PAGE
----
Nearly nine months since the first stay-at-home and “safer-at home” orders were issued in California, residents in the Golden State are once again subject to government-mandated restrictions in another effort to flatten the curve—this as COVID-19-related infection rates, hospitalizations and deaths throughout the state are at record highs. In response to the winter surge of the novel coronavirus and the resulting shortage of beds in intensive care units from San Diego in the south to the Bay Area in the north, Governor Gavin Newsom has announced new regional stay-at-home orders that will, as of this writing, impact 28 counties that encompass 84% of California’s population (that is more than 33 million people).
Most all of the orders went into effect today (Monday, December 7) and will continue in place until at least December 28 in Southern California and the San Joaquin Valley and January 4 in the Bay Area. Note that the restrictions will lift only if available ICU capacity projections reach certain thresholds.
Given that many clients of Michelman & Robinson, LLP live and work in the effected areas, including Los Angeles, Orange and San Francisco Counties (the locations of our California offices), the following information about the most recent shutdowns and limitations should prove helpful.
Q. Big picture, what restrictions are being imposed in California?
A. For the next few weeks, people may not congregate with anyone outside their households. As has been the case, face coverings are required when outside the home, but now all of the following will again be prohibited or otherwise closed:
- On-site restaurant dining and bars (even outdoors)
- Hair and nail salons and other personal care services
- Movie theaters (indoor or outdoor)
- Museums, zoos, aquariums and playgrounds
- Satellite wagering and casinos
- Outdoor wineries
Q. What will be allowed and/or remain open during the pendency of the stay-at-home orders?
A. The breadth and impact of the new restrictions are not as severe as the stay-at-home and “safer-at-home” orders issued last spring, at least not yet. Indeed, all of the following will be permitted and/or stay open, albeit with limited capacity, mandatory masks and social distancing measures in place:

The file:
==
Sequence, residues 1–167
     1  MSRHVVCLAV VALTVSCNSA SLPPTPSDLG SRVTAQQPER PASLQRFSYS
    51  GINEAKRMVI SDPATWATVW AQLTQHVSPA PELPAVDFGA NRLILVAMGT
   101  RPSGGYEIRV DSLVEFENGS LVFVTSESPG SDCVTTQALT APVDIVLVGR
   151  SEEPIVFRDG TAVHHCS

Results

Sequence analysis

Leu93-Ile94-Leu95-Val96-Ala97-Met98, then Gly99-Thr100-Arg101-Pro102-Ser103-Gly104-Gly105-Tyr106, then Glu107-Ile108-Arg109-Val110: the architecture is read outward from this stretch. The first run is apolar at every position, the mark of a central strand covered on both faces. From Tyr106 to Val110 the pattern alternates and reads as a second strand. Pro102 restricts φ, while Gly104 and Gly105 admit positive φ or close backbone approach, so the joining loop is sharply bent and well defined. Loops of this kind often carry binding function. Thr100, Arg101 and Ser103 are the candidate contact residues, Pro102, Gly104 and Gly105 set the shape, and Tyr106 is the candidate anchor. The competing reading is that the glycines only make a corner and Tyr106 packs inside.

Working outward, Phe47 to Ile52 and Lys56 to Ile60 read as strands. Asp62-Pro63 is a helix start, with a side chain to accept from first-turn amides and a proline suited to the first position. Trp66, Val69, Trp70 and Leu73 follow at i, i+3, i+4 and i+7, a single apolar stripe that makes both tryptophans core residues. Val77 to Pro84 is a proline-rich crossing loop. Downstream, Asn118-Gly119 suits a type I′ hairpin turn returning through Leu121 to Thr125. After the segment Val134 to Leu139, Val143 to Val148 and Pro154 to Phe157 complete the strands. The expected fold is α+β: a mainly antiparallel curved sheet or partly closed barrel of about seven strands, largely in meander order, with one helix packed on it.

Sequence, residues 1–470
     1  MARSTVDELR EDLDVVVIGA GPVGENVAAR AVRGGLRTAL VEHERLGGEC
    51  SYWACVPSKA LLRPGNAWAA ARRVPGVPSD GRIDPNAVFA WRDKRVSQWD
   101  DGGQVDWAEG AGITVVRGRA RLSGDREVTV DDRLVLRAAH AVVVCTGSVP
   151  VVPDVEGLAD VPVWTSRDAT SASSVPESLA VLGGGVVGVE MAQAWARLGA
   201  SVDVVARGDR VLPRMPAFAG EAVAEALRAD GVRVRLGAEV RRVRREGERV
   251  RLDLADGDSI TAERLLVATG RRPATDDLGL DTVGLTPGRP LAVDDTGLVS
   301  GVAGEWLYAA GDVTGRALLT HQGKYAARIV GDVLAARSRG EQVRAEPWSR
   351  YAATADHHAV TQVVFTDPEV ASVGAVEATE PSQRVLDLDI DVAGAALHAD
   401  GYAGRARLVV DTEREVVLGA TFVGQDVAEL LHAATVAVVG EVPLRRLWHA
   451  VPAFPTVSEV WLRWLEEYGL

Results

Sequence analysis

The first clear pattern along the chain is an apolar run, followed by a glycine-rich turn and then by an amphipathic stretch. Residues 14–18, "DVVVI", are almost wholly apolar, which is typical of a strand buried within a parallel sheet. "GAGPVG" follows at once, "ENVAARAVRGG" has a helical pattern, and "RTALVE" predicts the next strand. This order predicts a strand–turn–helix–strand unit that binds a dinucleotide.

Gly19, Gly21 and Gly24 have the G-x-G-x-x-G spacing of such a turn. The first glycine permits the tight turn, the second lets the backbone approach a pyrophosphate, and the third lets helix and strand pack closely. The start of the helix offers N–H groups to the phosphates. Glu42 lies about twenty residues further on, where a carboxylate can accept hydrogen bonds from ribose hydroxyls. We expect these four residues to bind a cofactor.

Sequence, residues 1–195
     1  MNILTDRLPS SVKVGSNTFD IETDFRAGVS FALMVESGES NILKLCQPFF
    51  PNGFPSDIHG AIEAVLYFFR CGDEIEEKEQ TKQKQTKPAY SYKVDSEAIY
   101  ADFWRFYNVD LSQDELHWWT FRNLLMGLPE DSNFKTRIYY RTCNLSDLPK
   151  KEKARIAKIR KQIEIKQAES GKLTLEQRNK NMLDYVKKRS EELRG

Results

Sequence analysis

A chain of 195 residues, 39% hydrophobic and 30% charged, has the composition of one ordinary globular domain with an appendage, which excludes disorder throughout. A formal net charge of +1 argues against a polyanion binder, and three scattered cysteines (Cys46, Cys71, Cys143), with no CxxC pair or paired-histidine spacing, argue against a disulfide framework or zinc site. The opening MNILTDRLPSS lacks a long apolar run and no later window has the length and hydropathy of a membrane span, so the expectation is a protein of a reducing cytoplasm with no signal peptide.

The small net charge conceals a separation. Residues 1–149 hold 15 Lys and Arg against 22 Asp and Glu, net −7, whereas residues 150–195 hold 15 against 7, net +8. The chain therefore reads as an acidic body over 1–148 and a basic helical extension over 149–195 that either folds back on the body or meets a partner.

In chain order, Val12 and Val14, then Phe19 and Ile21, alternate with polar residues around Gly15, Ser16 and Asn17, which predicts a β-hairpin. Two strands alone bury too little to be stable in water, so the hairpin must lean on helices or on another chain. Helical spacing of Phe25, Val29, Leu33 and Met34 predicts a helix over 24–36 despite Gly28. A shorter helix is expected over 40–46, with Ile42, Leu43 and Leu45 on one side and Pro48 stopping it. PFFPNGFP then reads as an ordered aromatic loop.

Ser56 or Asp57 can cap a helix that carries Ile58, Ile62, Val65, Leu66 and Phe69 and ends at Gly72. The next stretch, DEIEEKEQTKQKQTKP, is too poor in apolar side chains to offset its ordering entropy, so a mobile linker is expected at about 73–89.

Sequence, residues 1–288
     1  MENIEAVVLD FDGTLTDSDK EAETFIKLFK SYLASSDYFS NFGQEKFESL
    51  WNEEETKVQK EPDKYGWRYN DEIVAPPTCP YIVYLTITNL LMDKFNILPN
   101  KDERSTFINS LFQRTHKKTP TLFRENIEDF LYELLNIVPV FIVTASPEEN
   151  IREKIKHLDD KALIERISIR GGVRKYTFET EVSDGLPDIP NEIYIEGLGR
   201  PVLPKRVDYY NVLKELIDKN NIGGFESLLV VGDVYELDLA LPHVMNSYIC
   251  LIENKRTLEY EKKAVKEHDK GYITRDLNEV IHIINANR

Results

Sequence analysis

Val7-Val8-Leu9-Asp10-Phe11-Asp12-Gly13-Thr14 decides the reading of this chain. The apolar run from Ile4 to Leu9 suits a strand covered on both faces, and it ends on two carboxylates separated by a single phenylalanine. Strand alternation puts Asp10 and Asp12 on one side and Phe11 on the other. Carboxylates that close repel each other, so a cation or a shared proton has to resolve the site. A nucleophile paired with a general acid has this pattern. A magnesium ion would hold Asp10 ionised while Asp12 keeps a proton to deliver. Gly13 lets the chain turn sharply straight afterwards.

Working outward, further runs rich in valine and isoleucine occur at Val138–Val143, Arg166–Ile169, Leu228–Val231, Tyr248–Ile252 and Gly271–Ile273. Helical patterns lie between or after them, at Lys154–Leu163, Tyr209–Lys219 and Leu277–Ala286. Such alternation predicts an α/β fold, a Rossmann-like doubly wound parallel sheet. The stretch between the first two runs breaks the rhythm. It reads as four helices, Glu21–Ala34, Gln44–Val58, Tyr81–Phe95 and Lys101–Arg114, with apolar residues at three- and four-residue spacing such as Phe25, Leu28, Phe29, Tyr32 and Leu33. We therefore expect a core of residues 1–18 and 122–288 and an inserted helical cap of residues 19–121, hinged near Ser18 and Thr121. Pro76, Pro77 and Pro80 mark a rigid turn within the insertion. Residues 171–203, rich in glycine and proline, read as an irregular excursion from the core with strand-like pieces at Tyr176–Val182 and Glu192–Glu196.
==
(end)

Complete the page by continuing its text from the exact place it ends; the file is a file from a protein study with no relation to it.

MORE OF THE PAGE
- Essential retail businesses, like supermarkets and drug stores, though capacity will top out at 20% and no eating or drinking will be allowed inside stores
- Non-essential retail businesses and malls, also subject to 20% capacity and food and drink restrictions
- Restaurants offering takeout, pick-up or delivery
- Hotels that support critical infrastructure, including workers in healthcare, food, agriculture, energy, utilities, transportation, communications, government operations, manufacturing, financial services and the entertainment industries. Note that while hotels may remain open, hotel use for nonessential travel (read: vacations, road trips, etc.) is prohibited
- Offices that support critical infrastructure (as defined above)
- Walking, hiking, running and biking (keep exercising!)
- Places of worship (outdoor services only)
- Schools that are already open for in-person learning
- Outdoor areas like beaches, parks, and hiking trails
- Medical and dental offices, even for non-urgent visits
- Child care and prekindergarten
- Professional sports and entertainment production (no live audiences)
- Outdoor recreational facilities, but without food, drink or alcohol sales, and no overnight camping
- Political demonstrations
Clearly, as of now, Californians still have quite a bit of freedom of movement, these most current stay-at-home orders notwithstanding. Still, everyone must remain mindful of capacity restrictions, use of face coverings and social distancing in order to minimize the spread of COVID-19.
Q. What about non-essential travel?
A. All nonessential travel is temporarily restricted. Nonetheless, enforcement of this restriction will be difficult at best, and the state has admitted that it has labeled this a “requirement” simply in hopes of encouraging compliance.
Q. Are the restrictions as set forth in the stay-at-home orders set in stone?
A. No, counties can impose even tougher rules depending upon circumstances going forward, and new orders will likely be triggered regionally where ICUs become 85% full.
Q. How will the orders be enforced?
A. Flattening the curve is largely dependent upon voluntary compliance by California residents, as opposed to enforcement. In fact, officials of certain localities have suggested that they will not enforce the rules at all. However, Governor Newsom has stated that he will withhold pandemic funds from counties that do not enforce the stay-at-home orders or adopt measures to reduce the spread of COVID-19.
Unfortunately, the impact of COVID-19 in California and nationwide is on track to get worse before getting better. That being said, we encourage our clients and friends to stay safe during these difficult days. And as we approach the New Year, all of us at M&R wish all of you a healthy 2021.
This blog post is not offered, and should not be relied on, as legal advice. You should consult an attorney for advice in specific situations.